Monthly Archives: October 2011

Careers news: uni figures, temp conditions, rating degrees and careers advice

Here’s a quick gathering of recent news in the Careers field.

Firstly (unsurprisingly, in the year fees have rocketed up) the number of applicants to UCAS has fallen noticeably. Don’t get too excited – it’s not fallen by the amount youth unemployment has risen, and a degree’s not a meal ticket any more. Unsurprisingly, given that getting a degree will now cost you a quarter of the value of a house in some parts of the UK, students will increasingly see themselves as customers – which explains why Which has decided to starting rating and ranking uni courses in the UK.

However, note the rise of temporary / agency work. More and more jobs and companies are taking workers on only through agencies. This rather nasty trick is to ensure they don’t need to give them normal employment rights. Even when the EU has passed a law to give most normal employment rights to temporary workers, it turns out big companies like Tesco are asking their staff to waive their new rights – the implicit threat being no waive = no job. Don’t end up in agency work if you can avoid it. It’s slavery by another name.

At the other end of the scale, you might like to look at the Telegraph’s top ten best-paid jobs in the UK. It’s a bit of a nonsense because (a) it massively underestimates some at the top of the list, (b) it ignores self-employed in some of these fields, who tend to earn more, (c) it’s all about being “top” of the organisations they name which, whilst nice, is not a realistic aim generally – you should expect more to be a successful middle-ranker and check those typical salaries.

Lastly and definitely not leastly, it turns out that people like me are not totally useless after all – while there is an ongoing rise in online or telephone careers advice, it seems some people are missing the personal touch of a Careers advisor in their own school. Don’t forget to book a meeting to come and talk to me about your future if you like. You might like to tell the Guardian about what you think of careers advice.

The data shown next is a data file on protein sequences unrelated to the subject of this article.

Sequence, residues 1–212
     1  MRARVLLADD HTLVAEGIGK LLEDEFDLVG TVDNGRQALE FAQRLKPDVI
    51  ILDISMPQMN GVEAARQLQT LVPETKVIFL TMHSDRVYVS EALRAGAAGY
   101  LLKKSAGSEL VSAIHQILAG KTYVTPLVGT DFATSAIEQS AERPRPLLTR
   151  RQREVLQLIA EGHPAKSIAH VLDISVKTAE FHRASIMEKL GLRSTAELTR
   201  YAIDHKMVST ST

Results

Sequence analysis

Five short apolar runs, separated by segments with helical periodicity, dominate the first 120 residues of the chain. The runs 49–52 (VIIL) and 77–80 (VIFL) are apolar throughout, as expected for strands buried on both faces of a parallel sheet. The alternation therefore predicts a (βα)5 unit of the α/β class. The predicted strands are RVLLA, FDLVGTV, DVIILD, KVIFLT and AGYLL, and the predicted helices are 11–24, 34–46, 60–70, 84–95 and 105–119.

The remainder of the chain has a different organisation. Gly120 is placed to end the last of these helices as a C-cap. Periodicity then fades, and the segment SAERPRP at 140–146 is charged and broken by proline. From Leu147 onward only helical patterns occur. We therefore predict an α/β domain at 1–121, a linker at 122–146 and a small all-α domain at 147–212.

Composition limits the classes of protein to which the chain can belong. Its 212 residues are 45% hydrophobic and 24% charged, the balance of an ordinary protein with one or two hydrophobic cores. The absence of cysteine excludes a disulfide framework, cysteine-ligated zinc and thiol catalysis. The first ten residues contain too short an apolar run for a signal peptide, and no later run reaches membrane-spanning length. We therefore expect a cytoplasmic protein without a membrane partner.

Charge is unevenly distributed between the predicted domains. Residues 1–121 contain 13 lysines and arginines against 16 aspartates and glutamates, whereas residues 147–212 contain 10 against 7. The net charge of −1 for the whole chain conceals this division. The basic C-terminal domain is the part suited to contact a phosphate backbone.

Subject blogs

DBS subject teachers increasingly use subject-specific blogs to provide information to students (and parents who wish to see it.)

Scroll down the right-hand side to find links to a number of these.

ISCO / Futurewise evening

Thanks to all those who came to the ISCO / Futurewise evening the other night with Martin Minshall. (That link will take you to the website.)

To find out about signing up and payment arrangements, please see Miss Pennock.

If you weren’t able to attend but are interested – ISCO is a careers advice website with very, very in-depth resources and we recommend it to all KS4 students and up: click the link above to have a look around. A one-off fee is applicable but the support includes online and telephone support and advice right up to age 23. See Miss Pennock to sign up.

BBC3 “Up for hire”

The savvy may have noticed that BBC3 (with BBC Radio 1) are running something called “Up For Hire“, asking whether business takes young people seriously and gives them the chance they deserve.